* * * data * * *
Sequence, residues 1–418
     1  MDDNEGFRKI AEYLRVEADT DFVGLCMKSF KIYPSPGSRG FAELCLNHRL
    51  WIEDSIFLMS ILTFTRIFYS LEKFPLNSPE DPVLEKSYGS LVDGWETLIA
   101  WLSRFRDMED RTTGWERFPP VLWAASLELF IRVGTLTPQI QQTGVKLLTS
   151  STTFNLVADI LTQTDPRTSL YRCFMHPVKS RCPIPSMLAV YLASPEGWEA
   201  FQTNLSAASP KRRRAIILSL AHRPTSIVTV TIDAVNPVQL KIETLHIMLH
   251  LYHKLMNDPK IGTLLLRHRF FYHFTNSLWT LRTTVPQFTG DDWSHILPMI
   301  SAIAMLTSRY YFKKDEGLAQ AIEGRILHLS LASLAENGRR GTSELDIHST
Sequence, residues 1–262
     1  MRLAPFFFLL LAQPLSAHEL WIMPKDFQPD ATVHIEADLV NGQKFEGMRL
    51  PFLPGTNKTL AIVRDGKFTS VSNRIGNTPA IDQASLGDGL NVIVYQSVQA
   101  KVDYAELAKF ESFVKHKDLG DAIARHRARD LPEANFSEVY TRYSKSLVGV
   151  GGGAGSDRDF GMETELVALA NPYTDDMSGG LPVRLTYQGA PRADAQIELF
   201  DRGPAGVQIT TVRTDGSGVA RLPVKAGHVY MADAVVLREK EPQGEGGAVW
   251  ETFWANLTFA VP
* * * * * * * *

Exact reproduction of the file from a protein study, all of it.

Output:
Sequence, residues 1–418
     1  MDDNEGFRKI AEYLRVEADT DFVGLCMKSF KIYPSPGSRG FAELCLNHRL
    51  WIEDSIFLMS ILTFTRIFYS LEKFPLNSPE DPVLEKSYGS LVDGWETLIA
   101  WLSRFRDMED RTTGWERFPP VLWAASLELF IRVGTLTPQI QQTGVKLLTS
   151  STTFNLVADI LTQTDPRTSL YRCFMHPVKS RCPIPSMLAV YLASPEGWEA
   201  FQTNLSAASP KRRRAIILSL AHRPTSIVTV TIDAVNPVQL KIETLHIMLH
   251  LYHKLMNDPK IGTLLLRHRF FYHFTNSLWT LRTTVPQFTG DDWSHILPMI
   301  SAIAMLTSRY YFKKDEGLAQ AIEGRILHLS LASLAENGRR GTSELDIHST
Sequence, residues 1–262
     1  MRLAPFFFLL LAQPLSAHEL WIMPKDFQPD ATVHIEADLV NGQKFEGMRL
    51  PFLPGTNKTL AIVRDGKFTS VSNRIGNTPA IDQASLGDGL NVIVYQSVQA
   101  KVDYAELAKF ESFVKHKDLG DAIARHRARD LPEANFSEVY TRYSKSLVGV
   151  GGGAGSDRDF GMETELVALA NPYTDDMSGG LPVRLTYQGA PRADAQIELF
   201  DRGPAGVQIT TVRTDGSGVA RLPVKAGHVY MADAVVLREK EPQGEGGAVW
   251  ETFWANLTFA VP